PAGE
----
Report on Asosan (Japan) — June 1979
Scientific Event Alert Network Bulletin, vol. 4, no. 6 (June 1979)
Managing Editor: David Squires.
Asosan (Japan) Steam and ash eruption
Please cite this report as:
Global Volcanism Program, 1979. Report on Asosan (Japan) (Squires, D., ed.). Scientific Event Alert Network Bulletin, 4:6. Smithsonian Institution. https://doi.org/10.5479/si.GVP.SEAN197906-282110
32.884°N, 131.104°E; summit elev. 1592 m
All times are local (unless otherwise noted)
An explosive eruption from Naka-dake crater began at 1510 on 13 June. Activity lasted more than 1 hour, producing a 1,500-2,000-m-high steam and ash column, and thundering sounds. [Blocks] larger than a man's head were thrown 400 m above the crater rim. Kyodo radio reported that the eruption reintensified during the night of 15-16 June. Hot tephra was ejected to 200 m above the crater rim, accompanied by a roaring noise. Doors and windows rattled in nearby houses and some residents fled the area, according to police reports. . . .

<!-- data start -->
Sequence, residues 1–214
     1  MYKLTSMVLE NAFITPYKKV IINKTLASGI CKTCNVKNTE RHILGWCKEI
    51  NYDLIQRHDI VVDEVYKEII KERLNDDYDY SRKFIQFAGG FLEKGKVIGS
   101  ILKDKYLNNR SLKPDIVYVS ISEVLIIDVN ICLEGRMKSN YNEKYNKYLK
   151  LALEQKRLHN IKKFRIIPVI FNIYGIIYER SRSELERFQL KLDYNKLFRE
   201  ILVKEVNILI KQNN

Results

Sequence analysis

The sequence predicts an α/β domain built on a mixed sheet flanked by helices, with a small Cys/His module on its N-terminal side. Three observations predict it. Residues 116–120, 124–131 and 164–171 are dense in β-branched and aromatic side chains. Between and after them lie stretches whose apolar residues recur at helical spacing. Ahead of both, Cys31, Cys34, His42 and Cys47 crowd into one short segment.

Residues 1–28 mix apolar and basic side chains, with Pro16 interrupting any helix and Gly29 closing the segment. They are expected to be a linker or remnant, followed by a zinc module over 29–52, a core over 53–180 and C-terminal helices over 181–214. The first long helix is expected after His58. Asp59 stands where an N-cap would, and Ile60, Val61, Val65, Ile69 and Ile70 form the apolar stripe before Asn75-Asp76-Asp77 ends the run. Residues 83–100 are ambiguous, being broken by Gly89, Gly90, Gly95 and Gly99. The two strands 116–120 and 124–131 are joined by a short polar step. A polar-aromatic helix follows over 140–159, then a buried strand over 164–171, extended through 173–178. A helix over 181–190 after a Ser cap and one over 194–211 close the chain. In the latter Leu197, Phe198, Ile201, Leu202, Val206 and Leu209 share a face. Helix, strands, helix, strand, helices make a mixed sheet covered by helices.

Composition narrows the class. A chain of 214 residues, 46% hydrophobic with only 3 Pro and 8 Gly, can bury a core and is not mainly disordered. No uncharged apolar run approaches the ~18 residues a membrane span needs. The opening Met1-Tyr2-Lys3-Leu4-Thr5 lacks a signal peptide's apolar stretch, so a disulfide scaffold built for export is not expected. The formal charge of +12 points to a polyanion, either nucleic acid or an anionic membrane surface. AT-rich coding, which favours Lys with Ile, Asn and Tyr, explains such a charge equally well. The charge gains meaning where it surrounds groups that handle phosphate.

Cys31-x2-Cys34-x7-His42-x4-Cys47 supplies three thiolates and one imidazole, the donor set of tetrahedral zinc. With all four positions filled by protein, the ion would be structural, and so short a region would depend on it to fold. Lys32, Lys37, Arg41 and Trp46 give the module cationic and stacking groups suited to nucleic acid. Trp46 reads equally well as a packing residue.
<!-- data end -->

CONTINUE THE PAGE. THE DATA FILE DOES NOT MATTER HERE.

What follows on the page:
Geological Summary. The 24-km-wide Asosan caldera was formed during four major explosive eruptions from 300,000 to 90,000 years ago. These produced voluminous pyroclastic flows that covered much of Kyushu. The last of these, the Aso-4 eruption, produced more than 600 km3 of airfall tephra and pyroclastic-flow deposits. A group of 17 central cones was constructed in the middle of the caldera, one of which, Nakadake, is one of Japan's most active volcanoes. It was the location of Japan's first documented historical eruption in 553 CE. The Nakadake complex has remained active throughout the Holocene. Several other cones have been active during the Holocene, including the Kometsuka scoria cone as recently as about 210 CE. Historical eruptions have largely consisted of basaltic to basaltic-andesite ash emission with periodic strombolian and phreatomagmatic activity. The summit crater of Nakadake is accessible by toll road and cable car, and is one of Kyushu's most popular tourist destinations.
Information Contacts: T. Tiba, National Science Museum; Kyodo Radio.